The data within this report was gathered via Kea’s ‘Welcome Home Survey’, launched in August to enable New Zealand to better understand its offshore Kiwis. Within this research, Kea sought to understand returning Kiwis timeframes, skills, industry experience and wealth, as well as their needs.
‘The survey was met with an “overwhelming response” and Kea chief executive officer, Toni Truslove says the resulting data reveals surprising insights about this group and their potential impact on New Zealand, both economically and socially.
“It is clear that the pandemic of 2020 is causing a once in a generation opportunity for New Zealand, as many of our one million-plus expats look to return home seeking safety, family and a new future,” Truslove said.
“Kiwis are coming home as they always have, but the new trend identified sees a high volume of Kiwis returning at the height of their careers, with many of the skills that New Zealand as a nation is in genuinely in need of.
Truslove says the report indicated that the top industry for returners is technology. “And we also see a desire to return from teachers and healthcare workers, giving New Zealand a potential edge over countries with less distributed populations in this closed border era.
“And with a large majority planning to stay permanently, bringing family, pets and investment as well as a desire to give back to their communities, this group has the potential to be incredibly transformative for New Zealand, now and in the future,” Truslove said.
Highlights of the report include:
- Over 15,000 people completed the survey, from regions including the UK, Australia, US and Canada.
- 49% are planning to return, with half of those planning to arrive within the next two years.
- The majority of those intending to return stated that Covid-19 was a key factor in their decision.
- 75% of those intending to return plan to stay permanently.
- 75% of respondents have been away for 5+ years, and are primarily aged between 35 and 54.
- A large majority of respondents will potentially be looking for senior positions, stating their employment category as Senior, Manager, Director, Owner, or C-Suite.
- 20% of respondents want to invest in a business and 11% intend to start their own business, with 8% intending to employ between 2-5 staff.
- While 32% intend to reside in Auckland, the remainder are looking to return to regional New Zealand, with 22% leaning towards a region they haven’t lived in before.
- Nearly a third are returning with a spouse, some bringing children and pets.
- 65% of returning kiwis indicated they identify with progressive rather than traditional values.
The report’s analysis was supported by Distinguished Professor Sir Peter Gluckman, Economist Julie Fry and Distinguished Professor Paul Spoonley.
Sir Peter Gluckman said he believed that Covid-19 is having an undisputed impact on the volume and calibre of returnees.
“Clearly New Zealand’s response in contrast to global impacts has triggered many offshore Kiwis of vast experience and talent to think about returning to contribute to New Zealand. This includes a significant number in an age range and talent pool at the height of their game, that previously had been assumed to be unlikely to return,” he said.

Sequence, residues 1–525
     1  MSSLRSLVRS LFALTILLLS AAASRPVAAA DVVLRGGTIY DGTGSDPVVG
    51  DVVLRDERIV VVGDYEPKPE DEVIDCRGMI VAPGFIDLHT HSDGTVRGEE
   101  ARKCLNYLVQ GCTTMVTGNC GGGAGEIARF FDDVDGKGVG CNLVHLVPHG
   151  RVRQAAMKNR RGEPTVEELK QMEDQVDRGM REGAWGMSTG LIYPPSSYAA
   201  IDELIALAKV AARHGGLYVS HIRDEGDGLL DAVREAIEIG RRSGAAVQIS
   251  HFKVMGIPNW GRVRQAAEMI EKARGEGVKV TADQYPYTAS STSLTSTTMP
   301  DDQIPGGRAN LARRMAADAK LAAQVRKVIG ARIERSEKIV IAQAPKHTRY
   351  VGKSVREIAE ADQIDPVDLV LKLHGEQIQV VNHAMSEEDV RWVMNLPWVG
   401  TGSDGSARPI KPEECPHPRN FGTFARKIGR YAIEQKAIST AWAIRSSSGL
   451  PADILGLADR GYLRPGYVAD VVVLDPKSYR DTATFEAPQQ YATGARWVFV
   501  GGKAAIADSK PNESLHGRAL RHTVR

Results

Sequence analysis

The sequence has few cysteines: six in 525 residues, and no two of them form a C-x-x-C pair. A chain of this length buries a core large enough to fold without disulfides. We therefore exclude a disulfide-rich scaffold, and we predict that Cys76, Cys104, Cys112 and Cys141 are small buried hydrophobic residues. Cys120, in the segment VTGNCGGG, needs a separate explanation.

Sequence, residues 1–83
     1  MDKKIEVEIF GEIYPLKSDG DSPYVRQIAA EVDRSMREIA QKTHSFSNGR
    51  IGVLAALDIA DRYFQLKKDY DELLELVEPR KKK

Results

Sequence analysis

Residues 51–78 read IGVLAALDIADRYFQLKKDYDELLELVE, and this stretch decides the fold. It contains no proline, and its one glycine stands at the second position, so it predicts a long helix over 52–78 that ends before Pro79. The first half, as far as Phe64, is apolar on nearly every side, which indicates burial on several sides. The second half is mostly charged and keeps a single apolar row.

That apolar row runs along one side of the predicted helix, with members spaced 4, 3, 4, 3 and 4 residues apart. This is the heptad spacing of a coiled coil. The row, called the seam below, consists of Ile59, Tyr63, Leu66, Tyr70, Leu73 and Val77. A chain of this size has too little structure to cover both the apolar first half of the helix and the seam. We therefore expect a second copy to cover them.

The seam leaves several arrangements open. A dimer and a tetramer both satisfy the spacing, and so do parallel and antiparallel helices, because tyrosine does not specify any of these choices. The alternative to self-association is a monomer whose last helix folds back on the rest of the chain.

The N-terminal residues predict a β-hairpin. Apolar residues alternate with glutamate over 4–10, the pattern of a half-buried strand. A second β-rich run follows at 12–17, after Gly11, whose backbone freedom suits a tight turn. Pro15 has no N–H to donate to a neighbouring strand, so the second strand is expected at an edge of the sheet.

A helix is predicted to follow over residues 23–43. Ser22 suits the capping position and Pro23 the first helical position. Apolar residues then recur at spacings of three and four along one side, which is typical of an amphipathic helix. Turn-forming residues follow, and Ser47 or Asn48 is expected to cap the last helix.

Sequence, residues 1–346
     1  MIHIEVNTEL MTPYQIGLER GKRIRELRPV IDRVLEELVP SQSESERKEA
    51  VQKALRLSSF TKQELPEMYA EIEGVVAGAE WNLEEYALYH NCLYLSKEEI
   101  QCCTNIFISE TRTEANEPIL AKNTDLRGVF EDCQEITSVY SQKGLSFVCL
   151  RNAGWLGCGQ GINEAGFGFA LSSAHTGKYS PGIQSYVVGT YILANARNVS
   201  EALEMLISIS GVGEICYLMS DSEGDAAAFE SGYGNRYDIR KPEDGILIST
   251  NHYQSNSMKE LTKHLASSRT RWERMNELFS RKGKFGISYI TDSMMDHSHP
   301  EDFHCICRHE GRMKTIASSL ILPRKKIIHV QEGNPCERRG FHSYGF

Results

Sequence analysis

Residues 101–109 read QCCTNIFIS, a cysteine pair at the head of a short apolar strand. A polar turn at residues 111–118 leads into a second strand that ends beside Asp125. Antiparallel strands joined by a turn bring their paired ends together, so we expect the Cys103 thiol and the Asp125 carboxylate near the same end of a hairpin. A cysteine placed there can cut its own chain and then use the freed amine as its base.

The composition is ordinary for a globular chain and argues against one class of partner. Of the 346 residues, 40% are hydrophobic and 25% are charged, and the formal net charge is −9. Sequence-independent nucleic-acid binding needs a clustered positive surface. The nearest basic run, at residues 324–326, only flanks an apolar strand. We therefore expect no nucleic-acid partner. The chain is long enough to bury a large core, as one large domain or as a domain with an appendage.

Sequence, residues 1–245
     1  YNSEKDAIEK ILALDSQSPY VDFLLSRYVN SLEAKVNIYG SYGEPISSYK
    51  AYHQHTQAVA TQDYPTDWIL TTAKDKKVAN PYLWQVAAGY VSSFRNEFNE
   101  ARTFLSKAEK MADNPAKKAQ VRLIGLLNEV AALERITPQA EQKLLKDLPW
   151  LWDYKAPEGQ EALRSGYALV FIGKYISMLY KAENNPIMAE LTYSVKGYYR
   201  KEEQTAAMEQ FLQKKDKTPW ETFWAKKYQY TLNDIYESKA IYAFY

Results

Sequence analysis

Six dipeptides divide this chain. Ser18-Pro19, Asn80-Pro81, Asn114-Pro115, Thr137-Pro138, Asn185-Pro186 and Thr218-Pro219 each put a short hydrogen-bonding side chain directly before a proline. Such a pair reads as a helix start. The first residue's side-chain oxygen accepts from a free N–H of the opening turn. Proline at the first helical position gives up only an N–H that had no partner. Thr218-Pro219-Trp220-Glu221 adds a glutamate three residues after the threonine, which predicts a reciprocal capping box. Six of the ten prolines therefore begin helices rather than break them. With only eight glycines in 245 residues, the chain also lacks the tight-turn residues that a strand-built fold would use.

Anna Curzon, Chief Product Officer for Xero agrees, saying that as senior and experienced Kiwis return home, it will be imperative that we make the most of this ‘brain gain’.
“Their experience overseas means they can bring new perspectives to the problems we need to solve. They will help reinvigorate the employment market both as potential employees and employers, and ultimately, give us the ability to continue to innovate and produce world-class products and services,” Curzon said.
On social aspects of the report, the respondents have primarily been away from New Zealand for a not-insignificant amount of time. And for some of the respondents, they will be arriving back to a very different New Zealand from when they left.
Distinguished Professor Paul Spoonley said we need to welcome these overseas Kiwis home.
“New Zealand has more of its skilled population overseas than any other OECD country. But they are coming home, bringing with them skills and experience that make them an extremely important addition to our economy and society.
“It is critical that if this is to happen, then employers and others need to embrace these new arrivals and use their skills and experience – and their willingness to give.”
Toni Truslove agrees.
“This has never been more true and it seems that New Zealand’s pandemic response, contrasted with the ongoing challenges being faced by those offshore, has reminded Kiwis everywhere what an incomparable nation, environment and culture we have. New Zealand has a unique opportunity to make the most of this strong brand and to adequately plan on how we welcome these Kiwis home’
“To those remaining offshore, please stay in touch, and to those returning, we say, Nau Mai, Haere Mai, welcome home”.
Notes on the Research:
The survey and the analysis have been supported by:
Distinguished Professor Sir Peter Gluckman
Economist Julie Fry
Distinguished Professor Paul Spoonley
Survey analytics, strategy and design by TRA Research
For more information contact:
PR Representative: Paul Blomfield, 021 970 871, [email protected]
Kea: Ele Quigan 027 773 7779 [email protected]
Kea is a Public/Private partnership, supported by NZTE, MFAT, MBIE and Tourism New Zealand
New Zealand has the second largest offshore community per capita in the OECD. Kea was founded in 2001 to connect and engage our global people, for the benefit of Aotearoa.
Almost two decades on, Kea nurtures a vibrant and diverse community who share a strong passion for New Zealand and the success of its people and businesses.
Our mission to connect New Zealanders has never been more important. See keanewzealand.com